Search Images Maps Play YouTube News Gmail Drive More »
Sign in
Screen reader users: click this link for accessible mode. Accessible mode has the same essential features but works better with your reader.

Patents

  1. Advanced Patent Search
Publication numberUS2742709 A
Publication typeGrant
Publication dateApr 24, 1956
Filing dateMar 8, 1955
Priority dateMar 8, 1955
Publication numberUS 2742709 A, US 2742709A, US-A-2742709, US2742709 A, US2742709A
InventorsDe Woody Charles M, Magera John J
Original AssigneeAce Glass Inc
Export CitationBiBTeX, EndNote, RefMan
External Links: USPTO, USPTO Assignment, Espacenet
Plastic desiccator
US 2742709 A
Abstract  available in
Images(1)
Previous page
Next page
Claims  available in
Description  (OCR text may contain errors)

April 24, 1956 c. M. DE WOODY ETAL 2,742,709

PLASTIC DESICCA'IOR Filed March 8, 1955 F761? 22 INVENTORS G'HARLES M. DEWOODY JOHN J. MA 61:94

ATTORNEY United States Patent PLASTIC DESICCATOR Charles M. De Woody, Vineland, N. .L, and John J.

Magera, Louisville, Ky., assignors to Ace Glass Incorporated, Vineland, N. J., a corporation of New Jersey Application March 8, 1955, Serial No. 493,002

3 Claims. (Cl. 34- 92) This invention relates to desiccators of the type used in laboratories for dehydrating various materials under vacuum conditions, wherein a desiccant is contained in the bottom portion of a receptacle beneath a perforated j plate for supporting the materials to be treated, and the that when glass desiccators are used under reduced in:

ternal pressure, they implode unpredictably for the reason that the glass surface is often scratched in processing and the defect has gone unnoticed. Metal desiccators have the disadvantage of being non-transparent and are frequently inclined to warp when dented, so that the maintenance of a vacuum is made diflicult.

It is therefore an object of the present invention to overcome these disadvantages and to provide a desiccator which is formed of suitable plastics, comprising either organic or partially organic polymers, fabricated with substantially hemispherical walls which afford a maximum of self-support under vacuum conditions.

Another object of the invention is to provide a hemispherical desiccator of plastic material, and provided with an annular supporting ring or base also formed of suitable plastic and cemented to the desiccator to form an integral structure. Properly selected plastics are more adaptable to this particular hemispherical body and integral ring because of the flexibility of the material, thus obviating the objectionable features of glass which has a tendency to break under stresses resulting from changes in temperature.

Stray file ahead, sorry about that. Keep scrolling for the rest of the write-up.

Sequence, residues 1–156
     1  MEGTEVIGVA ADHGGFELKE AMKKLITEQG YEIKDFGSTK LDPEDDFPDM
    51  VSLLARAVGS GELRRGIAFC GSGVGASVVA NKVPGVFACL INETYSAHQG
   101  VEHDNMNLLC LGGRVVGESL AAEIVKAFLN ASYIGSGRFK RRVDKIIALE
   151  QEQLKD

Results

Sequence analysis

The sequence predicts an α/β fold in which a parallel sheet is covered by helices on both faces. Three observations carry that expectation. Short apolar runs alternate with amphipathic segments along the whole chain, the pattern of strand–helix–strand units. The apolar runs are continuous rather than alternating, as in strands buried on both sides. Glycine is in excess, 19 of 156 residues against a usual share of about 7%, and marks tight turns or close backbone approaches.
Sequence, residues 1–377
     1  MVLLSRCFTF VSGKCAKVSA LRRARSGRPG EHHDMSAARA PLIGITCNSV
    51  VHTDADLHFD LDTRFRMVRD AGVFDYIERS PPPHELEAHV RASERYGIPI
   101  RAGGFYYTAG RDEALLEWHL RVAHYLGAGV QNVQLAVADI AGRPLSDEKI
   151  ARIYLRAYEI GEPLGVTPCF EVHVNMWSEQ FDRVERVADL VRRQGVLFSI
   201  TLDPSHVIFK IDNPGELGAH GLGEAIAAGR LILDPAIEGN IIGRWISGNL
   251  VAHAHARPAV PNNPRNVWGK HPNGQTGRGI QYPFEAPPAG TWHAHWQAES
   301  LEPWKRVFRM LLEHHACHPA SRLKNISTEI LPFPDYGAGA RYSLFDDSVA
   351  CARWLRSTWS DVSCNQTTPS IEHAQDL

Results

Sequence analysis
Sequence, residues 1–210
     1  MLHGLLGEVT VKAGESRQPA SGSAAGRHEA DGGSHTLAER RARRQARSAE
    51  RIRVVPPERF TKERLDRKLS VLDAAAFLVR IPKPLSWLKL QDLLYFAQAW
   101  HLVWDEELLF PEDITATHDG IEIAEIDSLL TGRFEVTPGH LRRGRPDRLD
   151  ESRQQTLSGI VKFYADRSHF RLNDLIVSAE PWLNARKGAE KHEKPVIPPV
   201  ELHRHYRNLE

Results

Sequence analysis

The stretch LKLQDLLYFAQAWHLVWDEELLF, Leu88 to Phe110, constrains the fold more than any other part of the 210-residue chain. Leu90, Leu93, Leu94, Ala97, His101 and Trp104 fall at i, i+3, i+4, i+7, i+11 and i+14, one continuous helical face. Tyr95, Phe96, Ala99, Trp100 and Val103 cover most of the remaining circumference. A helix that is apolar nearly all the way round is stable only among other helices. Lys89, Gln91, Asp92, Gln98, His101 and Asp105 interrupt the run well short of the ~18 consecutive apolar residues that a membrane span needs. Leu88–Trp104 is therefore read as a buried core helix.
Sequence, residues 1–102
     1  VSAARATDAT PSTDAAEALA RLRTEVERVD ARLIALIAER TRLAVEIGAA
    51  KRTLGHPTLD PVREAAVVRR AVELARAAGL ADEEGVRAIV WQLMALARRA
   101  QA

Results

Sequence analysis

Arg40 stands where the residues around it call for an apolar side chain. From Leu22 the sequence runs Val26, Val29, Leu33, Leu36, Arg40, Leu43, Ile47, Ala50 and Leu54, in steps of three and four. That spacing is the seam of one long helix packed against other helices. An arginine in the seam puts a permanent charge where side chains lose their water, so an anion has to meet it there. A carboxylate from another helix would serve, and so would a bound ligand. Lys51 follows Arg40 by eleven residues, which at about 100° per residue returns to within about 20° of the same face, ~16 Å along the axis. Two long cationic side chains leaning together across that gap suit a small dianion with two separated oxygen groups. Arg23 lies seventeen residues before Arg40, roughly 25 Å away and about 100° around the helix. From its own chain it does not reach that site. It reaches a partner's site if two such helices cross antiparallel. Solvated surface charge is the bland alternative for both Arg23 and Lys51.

A further object of the invention is to provide a desiccator of this type, having high impact strength and nonshattering characteristics which are particularly important for vacuum operation.

A still further object of the invention is to provide a hemispherical desiccator of plastic material, including means to compensate for physical movement of the walls of the desiccator when a vacuum is created therein, to avoid a temporary parting of the outer edges of the closure flange seal.

Still another object of the invention is to provide in a desiccator of this type, an improved valve structure whereby, upon the release of the vacuum, the influx of atmospheric air is diverted from the material being treated in the desiccator.

With the above and other objects in view which will appear as the description proceeds, the invention consists in the novel features herein set forth, illustrated in the accompanying drawings and more particularly pointed out in the appended claims.

ice

Referring to the drawings in which numerals of like character designate similar parts throughout the several views,

Figure 1 is a view in side elevation, partially broken away, showing the preferred form of the present invention.

Figure 2 is a similar view of a modified form of desiccator wherein the bottom of the hemispherical body is blown out to form a cup-shaped base or support.

Figure 3 is a fragmentary sectional view of a further modification of the invent-ion, and

Figure 4 is an enlarged fragmentary sectional view of the sealing flange arrangement.

In Fig. l of the drawings which illustrates the preferred form of the invention, the desiccator comprises a main body portion 5 having a top flange 6 adapted to embrace a complementary flange 7 on the top or closure 8. The. combined unit including the body 5 and closure 8 is substantially in the form of a sphere, and rests upon an annular ringe or base 9, which is cemented to the body.

The material used in the construction of all three of these elements may be any of a number of plastics, although transparent or translucent plastics are preferred. Suitable types are Plexiglas (an acrylicpolymer), polystyrene and polystrene co-polymers, clear phenolics and certain chloro-fluoro ethylene polymers.